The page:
A wearable enviro-tracker monitors air pollution and UV exposure.

A Sensor to Breathe Easier

Feb 16, 2017

by Eric Butterman ASME.org

Kevin Hart, CEO and founder of Canada-based company Tzoa, was an electrician who was concerned about the effects of carcinogens, such as dust in the air. He realized there was a disconnect between what people could perceive and what was threatening to them. “I was looking for a solution for myself and couldn’t find it and saw an entrepreneurial path,” he says. “I saw a challenge to myself and saw [toxins] are not just in industrial sites but many homes around the world. The technology that was existing to combat a lot of this to me was big and expensive. I thought there must be something people could have.”

He says the main proprietary sensor of the Enviro-Tracker picks up PM2.5, among the most dangerous pollutants in the environment. “It’s particulate matter in the air. [It] can get into lungs and create long-term damage and aggravates people even in terms of cardiovascular issues,” he says. “There’s also VOC, which is total volatile organic compound and it’s another particulate type that is an enemy.”

The tracker data streams onto a smartphone app. Image: Tzoa

There are several components to the sensor that he can talk about as they are not proprietary. “There is an airflow channel. Air is brought in through an inlet and [pushed] out through an outlet,” he says. “In the channel is a detector that detects light and the channel is occluded from the sun. There’s a separate channel that crosses in an ‘X.’ That’s what the optical emitter lives in, a visible laser that goes from one part of an X to the opposite end of one channel, into a beam dump, meaning it gets rid of the laser.”

The first prototype was four inches by four inches but now the model is the size of a large Oreo cookie, he says.

There have been multiple iterations of the technology. With the first generation, the team realized that the technology became contaminated quickly. “Imagine an air stream and biomass burning with gunk sticking to the air channel, and the sensor becomes inaccurate,” he says.

The device, which comes in both wearable and portable formats, is slated to talk to your phone and let you know, not unlike traffic apps, what to avoid: environmental problems instead of a pile-up on your local highway.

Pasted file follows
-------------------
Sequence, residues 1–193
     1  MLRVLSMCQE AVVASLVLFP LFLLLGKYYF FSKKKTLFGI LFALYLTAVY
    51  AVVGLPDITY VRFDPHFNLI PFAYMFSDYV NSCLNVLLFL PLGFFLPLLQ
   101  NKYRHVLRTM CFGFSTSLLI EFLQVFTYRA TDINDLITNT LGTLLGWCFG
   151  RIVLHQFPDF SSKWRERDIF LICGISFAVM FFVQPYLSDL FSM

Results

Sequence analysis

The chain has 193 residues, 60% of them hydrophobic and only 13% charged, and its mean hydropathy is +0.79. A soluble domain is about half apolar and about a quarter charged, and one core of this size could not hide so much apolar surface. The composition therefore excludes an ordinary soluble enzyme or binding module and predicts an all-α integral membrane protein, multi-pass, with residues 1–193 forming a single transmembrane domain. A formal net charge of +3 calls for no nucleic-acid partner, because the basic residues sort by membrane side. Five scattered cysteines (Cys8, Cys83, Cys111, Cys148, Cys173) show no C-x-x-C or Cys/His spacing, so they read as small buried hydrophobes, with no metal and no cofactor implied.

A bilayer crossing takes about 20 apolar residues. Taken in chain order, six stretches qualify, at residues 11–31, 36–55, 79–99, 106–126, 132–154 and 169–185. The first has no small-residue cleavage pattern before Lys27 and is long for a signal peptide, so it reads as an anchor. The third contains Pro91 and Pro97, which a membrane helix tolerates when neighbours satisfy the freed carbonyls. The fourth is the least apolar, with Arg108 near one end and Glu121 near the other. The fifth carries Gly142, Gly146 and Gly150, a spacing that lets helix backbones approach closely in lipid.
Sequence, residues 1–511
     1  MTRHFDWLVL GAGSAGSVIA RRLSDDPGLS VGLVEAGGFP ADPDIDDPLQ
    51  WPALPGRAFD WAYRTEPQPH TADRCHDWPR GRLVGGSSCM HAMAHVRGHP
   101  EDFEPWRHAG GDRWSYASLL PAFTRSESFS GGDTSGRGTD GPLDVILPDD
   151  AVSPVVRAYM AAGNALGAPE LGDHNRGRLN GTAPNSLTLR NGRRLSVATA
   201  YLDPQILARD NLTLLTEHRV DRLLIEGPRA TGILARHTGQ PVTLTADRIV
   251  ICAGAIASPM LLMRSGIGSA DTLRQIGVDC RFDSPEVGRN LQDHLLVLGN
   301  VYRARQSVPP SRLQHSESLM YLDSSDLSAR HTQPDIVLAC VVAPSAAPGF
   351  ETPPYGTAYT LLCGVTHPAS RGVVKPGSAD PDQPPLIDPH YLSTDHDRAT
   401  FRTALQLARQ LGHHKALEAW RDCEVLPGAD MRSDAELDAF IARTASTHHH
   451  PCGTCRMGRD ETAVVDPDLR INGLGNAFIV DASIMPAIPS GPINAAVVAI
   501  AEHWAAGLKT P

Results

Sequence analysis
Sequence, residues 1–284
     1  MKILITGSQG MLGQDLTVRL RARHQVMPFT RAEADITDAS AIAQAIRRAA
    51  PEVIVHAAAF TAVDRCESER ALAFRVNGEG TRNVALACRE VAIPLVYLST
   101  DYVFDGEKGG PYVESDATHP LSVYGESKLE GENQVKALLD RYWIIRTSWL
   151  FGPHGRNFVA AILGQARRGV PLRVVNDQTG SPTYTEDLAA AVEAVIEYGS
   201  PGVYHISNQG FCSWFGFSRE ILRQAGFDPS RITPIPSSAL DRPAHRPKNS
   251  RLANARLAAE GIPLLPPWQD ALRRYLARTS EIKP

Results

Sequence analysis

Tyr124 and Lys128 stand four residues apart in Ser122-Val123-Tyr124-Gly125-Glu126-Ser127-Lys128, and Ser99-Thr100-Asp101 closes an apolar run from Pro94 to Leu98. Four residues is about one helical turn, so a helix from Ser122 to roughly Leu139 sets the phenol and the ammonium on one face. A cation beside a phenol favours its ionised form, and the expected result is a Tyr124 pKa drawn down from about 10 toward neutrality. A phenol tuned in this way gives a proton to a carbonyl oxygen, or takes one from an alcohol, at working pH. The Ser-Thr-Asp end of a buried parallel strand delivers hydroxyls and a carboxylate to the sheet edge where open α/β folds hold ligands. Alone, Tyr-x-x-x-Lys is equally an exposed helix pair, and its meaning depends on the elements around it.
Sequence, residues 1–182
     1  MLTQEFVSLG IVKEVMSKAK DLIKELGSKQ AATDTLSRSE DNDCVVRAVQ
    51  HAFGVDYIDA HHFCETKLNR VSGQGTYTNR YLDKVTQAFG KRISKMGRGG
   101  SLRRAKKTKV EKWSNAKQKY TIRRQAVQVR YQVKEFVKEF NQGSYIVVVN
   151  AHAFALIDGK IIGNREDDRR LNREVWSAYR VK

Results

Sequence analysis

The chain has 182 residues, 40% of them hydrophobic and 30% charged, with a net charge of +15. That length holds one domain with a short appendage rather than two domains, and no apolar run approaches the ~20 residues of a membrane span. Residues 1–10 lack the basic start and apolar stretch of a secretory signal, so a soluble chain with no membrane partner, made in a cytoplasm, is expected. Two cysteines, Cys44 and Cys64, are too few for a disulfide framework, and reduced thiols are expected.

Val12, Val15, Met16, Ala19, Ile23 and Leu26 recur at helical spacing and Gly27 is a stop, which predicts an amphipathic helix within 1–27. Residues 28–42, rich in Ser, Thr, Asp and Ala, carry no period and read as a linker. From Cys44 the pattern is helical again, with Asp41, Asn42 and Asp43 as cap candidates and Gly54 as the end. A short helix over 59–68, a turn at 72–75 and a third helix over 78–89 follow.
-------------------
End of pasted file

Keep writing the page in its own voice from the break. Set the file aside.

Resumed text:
“There’s also the thought in the future of the connected element of understanding, of where you are or what situation you’re in. If in a home or building, this sensor data could automate your surroundings, might turn on an air purifier for you, et cetera. Also, if you have a debilitating condition like asthma or COPD, [you could have] an analytics component for an additional service. If you have exacerbation of asthma multiple times, then highlight when it’s occurred and look at pollution in a moment in a past day. We can look at the environmental context where there was an acute system and look at the common thread or trend and then predict what it was.”

There’s a crowdsource element concept slated as well. A cyclist could possibly benefit greatly. “Data you collect talks to data others collect,” he says. “Visualized on the map so cyclists will share their data and build the pollution routes. Trying to get from Point A to Point B when cycling to work, taking into account if there is high combustion from car engines and more. This could help.”

The Enviro-Tracker has done smaller beta testing and a large production launch is slated to happen in 2017. “We want to make lives healthier,” Hart says. “We just don’t always know what’s around us.”

Eric Butterman is an independent writer.

We want to make lives healthier. We just don’t always know what’s around us. Kevin Hart, CEO, Tzoa

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